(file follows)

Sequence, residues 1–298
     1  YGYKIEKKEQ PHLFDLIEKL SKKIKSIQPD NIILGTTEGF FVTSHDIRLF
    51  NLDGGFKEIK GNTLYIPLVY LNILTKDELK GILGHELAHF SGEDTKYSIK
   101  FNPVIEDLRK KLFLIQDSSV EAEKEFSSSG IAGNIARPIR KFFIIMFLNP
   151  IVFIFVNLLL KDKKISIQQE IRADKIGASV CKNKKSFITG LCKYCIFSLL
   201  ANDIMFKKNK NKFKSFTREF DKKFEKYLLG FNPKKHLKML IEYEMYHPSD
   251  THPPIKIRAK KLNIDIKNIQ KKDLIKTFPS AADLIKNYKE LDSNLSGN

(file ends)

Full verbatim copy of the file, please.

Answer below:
Sequence, residues 1–298
     1  YGYKIEKKEQ PHLFDLIEKL SKKIKSIQPD NIILGTTEGF FVTSHDIRLF
    51  NLDGGFKEIK GNTLYIPLVY LNILTKDELK GILGHELAHF SGEDTKYSIK
   101  FNPVIEDLRK KLFLIQDSSV EAEKEFSSSG IAGNIARPIR KFFIIMFLNP
   151  IVFIFVNLLL KDKKISIQQE IRADKIGASV CKNKKSFITG LCKYCIFSLL
   201  ANDIMFKKNK NKFKSFTREF DKKFEKYLLG FNPKKHLKML IEYEMYHPSD
   251  THPPIKIRAK KLNIDIKNIQ KKDLIKTFPS AADLIKNYKE LDSNLSGN